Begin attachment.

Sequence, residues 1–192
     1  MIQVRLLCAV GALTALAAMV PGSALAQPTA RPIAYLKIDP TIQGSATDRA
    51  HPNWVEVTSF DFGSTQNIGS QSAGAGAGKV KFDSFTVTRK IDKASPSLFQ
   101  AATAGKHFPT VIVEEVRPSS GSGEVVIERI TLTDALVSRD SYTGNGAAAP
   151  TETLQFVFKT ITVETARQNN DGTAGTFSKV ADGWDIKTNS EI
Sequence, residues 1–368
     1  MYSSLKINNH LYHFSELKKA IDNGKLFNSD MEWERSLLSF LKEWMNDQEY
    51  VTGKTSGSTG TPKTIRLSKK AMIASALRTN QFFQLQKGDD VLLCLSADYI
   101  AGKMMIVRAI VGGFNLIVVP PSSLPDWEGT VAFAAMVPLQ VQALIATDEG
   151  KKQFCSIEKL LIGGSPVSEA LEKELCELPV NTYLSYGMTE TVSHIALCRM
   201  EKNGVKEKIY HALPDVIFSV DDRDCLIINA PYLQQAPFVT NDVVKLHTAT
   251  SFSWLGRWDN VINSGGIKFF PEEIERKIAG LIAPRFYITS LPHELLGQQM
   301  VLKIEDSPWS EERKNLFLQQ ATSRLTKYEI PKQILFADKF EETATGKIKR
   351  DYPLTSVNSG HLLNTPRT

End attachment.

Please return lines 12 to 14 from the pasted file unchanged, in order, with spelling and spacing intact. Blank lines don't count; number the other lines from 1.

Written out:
   251  SFSWLGRWDN VINSGGIKFF PEEIERKIAG LIAPRFYITS LPHELLGQQM
   301  VLKIEDSPWS EERKNLFLQQ ATSRLTKYEI PKQILFADKF EETATGKIKR
   351  DYPLTSVNSG HLLNTPRT